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June Review for Business Brief!

Dexter Flynn | 13/06/18


The good, the bad and the downright stupid …

In 1892 Mark Twain in his novel the ‘American Claimant’ introduced us to the character, Colonel Mulberry Sellers. Mulberry Sellers was the man who said: “There’s gold in them thar hills”… a staple of any Wild West fan’s vocabulary

This month I felt like a gold prospector from the 1800s panhandling for interesting stories from the world of Jersey law and practice. Guess what? I have come across a few nuggets! Yeehaw.

The first to report is a “whoa there cowboy” instruction in respect of the implementation of the new Jersey Legal Aid scheme.

As regular readers will note, this has been a bugbear of mine for some years. The whole process has taken an eternity. The Access to Justice Review was “lodged au Greffe” in 2013, just about the time when the gold rush in California commenced! The new Legal Aid scheme (as agreed with the Jersey Law Society) was scheduled to be introduced on the 1 July 2018. Unfortunately some unidentified varmints have overrun the system. As a consequence, the implementation of the new scheme has now been deferred until the 1 January 2019.

It seems that these forthcoming pesky Jersey elections have contributed to the delay, together with those fellas in the Corporate Services Scrutiny Panel who informed the Chief Minister of their intention to call in the draft law dealing with the new scheme for scrutiny, thereby highjacking the Legal Aid coach. Accordingly, the Chief Minister has delayed consideration of the draft law until June. It is unlikely that a vote will now take place until September. Other laws get passed very quickly when there is a political will. Why not this?

Speaking of the elections, our up and coming display of democracy this month reminds me of scenes from the Old West. I am not talking specifically about the anarchy, the chaos and the romance. I am talking about the vast prairie of candidate inexperience (financial, political and otherwise) which voters now must navigate. Talk about Hobson’s choice. On this note, I do find that the reduction in the number of lawyers seeking States positions to be disappointing. I know that lawyers are not the most popular gang but I think it is fair to say that traditionally lawyers have made good parliamentarians. Perhaps the failure to attract more legal beagles to the modern political arena is reflective of the quality (or otherwise) of the election process and how politics is generally conducted in Jersey, rather than an absent desire of lawyers to enter the fray.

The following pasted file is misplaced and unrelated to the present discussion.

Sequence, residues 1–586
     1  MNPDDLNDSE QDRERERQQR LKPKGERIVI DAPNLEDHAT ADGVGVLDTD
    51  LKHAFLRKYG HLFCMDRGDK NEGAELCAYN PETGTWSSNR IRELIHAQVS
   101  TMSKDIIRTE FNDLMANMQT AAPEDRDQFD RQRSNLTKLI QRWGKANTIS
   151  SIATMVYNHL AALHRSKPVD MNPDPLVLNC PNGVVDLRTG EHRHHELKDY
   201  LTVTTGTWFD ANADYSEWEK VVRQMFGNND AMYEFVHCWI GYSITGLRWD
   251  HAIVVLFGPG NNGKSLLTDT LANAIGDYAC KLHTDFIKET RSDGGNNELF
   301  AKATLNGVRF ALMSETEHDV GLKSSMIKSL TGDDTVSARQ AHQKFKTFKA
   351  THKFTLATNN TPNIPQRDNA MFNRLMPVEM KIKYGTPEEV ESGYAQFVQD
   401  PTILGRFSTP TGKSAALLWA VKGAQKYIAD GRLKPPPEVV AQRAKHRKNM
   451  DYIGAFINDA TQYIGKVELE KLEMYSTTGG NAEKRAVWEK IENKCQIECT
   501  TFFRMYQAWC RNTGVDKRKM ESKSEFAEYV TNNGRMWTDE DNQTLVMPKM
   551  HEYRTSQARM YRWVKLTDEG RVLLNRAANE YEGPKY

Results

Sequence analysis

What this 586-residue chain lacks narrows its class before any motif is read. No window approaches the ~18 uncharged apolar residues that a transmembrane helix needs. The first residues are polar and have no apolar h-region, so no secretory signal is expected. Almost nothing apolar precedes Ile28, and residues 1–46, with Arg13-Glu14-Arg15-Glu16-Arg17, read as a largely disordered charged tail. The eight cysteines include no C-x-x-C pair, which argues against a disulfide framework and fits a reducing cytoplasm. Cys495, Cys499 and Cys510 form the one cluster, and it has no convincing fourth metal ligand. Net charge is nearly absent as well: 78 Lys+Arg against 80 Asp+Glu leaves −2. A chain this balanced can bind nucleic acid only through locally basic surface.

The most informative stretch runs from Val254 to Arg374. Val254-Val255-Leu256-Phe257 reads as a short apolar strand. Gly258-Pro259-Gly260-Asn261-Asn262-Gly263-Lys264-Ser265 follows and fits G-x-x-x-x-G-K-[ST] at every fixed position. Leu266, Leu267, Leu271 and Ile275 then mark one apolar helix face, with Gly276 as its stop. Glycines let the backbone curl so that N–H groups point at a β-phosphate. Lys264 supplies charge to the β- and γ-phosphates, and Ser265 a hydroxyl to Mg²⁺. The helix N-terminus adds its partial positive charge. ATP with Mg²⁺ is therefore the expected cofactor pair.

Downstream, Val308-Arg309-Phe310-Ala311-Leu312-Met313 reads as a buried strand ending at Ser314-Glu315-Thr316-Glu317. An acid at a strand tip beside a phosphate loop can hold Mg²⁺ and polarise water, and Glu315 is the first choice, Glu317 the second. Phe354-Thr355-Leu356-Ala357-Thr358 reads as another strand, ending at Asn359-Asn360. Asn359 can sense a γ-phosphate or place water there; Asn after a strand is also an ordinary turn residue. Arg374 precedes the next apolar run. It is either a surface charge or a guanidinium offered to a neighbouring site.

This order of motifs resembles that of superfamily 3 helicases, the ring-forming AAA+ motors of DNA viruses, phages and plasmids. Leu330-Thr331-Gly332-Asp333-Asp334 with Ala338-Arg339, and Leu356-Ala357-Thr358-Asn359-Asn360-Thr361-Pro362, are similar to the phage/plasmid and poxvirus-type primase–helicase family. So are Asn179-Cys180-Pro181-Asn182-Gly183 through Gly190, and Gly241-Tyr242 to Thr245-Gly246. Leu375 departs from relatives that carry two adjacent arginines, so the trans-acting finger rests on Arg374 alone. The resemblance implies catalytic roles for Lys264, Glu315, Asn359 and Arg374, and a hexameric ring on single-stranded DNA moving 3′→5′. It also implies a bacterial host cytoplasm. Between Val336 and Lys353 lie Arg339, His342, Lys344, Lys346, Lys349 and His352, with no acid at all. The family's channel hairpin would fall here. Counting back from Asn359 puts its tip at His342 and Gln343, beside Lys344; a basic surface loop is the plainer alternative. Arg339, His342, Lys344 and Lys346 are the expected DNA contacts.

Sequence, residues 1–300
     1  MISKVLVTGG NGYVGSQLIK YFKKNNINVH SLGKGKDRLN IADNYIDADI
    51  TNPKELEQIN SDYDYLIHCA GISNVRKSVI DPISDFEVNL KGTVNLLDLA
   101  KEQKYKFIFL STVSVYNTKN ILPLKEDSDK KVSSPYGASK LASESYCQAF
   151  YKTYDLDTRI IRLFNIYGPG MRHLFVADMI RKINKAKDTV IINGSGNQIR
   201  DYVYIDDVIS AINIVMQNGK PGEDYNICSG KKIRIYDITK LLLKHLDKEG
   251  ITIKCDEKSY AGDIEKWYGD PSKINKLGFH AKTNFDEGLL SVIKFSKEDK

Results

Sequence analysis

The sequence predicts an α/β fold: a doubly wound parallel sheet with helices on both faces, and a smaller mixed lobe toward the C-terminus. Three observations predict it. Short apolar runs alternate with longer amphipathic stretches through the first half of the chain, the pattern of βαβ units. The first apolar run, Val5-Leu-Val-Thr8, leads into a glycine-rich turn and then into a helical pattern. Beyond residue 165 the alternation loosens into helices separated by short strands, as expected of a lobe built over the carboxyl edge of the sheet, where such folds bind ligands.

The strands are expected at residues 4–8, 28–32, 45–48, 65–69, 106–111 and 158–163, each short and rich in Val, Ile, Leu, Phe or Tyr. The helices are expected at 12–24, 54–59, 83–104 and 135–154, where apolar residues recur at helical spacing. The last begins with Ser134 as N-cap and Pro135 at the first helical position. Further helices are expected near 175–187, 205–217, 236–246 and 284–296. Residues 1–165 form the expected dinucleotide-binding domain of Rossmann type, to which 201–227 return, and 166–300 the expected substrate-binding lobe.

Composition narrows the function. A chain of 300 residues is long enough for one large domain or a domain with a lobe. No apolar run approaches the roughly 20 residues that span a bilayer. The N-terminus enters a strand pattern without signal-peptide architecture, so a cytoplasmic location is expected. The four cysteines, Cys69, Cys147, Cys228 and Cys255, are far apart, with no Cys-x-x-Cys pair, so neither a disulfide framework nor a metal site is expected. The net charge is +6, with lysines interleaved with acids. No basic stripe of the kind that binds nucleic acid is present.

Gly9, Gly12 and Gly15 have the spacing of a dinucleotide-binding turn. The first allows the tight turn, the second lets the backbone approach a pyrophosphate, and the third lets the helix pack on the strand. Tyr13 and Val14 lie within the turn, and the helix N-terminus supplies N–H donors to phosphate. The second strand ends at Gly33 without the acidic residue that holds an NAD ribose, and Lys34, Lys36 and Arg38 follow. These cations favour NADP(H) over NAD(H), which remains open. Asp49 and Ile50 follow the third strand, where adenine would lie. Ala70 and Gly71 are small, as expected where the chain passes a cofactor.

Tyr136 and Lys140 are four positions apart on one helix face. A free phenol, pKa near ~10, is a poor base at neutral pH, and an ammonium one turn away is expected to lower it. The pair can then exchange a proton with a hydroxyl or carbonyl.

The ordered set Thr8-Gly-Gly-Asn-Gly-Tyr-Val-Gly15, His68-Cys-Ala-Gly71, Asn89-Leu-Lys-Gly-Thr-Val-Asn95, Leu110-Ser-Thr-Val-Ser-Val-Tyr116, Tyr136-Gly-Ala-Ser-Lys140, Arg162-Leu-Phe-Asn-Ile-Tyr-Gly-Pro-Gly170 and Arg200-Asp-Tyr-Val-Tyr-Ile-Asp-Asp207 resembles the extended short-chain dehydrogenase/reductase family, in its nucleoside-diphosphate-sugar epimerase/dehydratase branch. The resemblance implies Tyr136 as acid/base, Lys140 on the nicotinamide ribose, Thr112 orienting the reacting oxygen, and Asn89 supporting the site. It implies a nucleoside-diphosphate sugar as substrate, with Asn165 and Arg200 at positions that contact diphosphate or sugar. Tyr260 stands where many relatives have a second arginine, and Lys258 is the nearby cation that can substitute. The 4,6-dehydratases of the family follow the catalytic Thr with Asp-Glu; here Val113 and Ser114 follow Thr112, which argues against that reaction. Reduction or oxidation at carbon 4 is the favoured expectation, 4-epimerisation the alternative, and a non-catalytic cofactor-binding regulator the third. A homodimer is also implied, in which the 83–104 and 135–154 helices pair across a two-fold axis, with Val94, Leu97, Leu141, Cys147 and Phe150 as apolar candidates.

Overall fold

As mentioned last month, I am embarking this summer on a road trip to discuss the new characteristic of disability which is being added to the discrimination stable. As you know, I have long been saying that we must accept the fact that these nanny state laws, which are now coming in waves, are here to stay. We have no alternative but to accept and embrace them. However, the stench of PCdom pervades the execution of these laws. I await with interest the feedback from the business community over the next few months. The outcry concerning the non gender ambassador for the Battle of Flowers is a good start to a summer of discrimination discussion.

Talking about such laws, I noted with interest a recent case in the Employment and Discrimination Tribunal in which a Claimant’s claim was struck out as a result of the Claimant deliberately breaching and disregarding Orders of the Tribunal. There appears to have been an ongoing gun fight between the Claimant and the lawyer acting for the Defendant in the case. It descended into name calling, poor behaviour generally and flagrant abuse of Tribunal Orders. Ah, the mark of the Wild West.

During the course of the case, the Tribunal noted that (once again) it does not have power to award costs against any party as a “sanction”. The Tribunal was required to use its Case Management Orders as a means to persuade the Claimant to cease her unreasonable and aggressive behaviour. It failed. The Claimant could not curtail such behaviour and, as a consequence, the case was thrown out.

Isn’t it about time that we gave the Tribunal some additional “beef” and allowed costs penalties to apply? In my experience, unlike in the Old West, the only sanction that ever properly works, in a civil sense, is a financial one.

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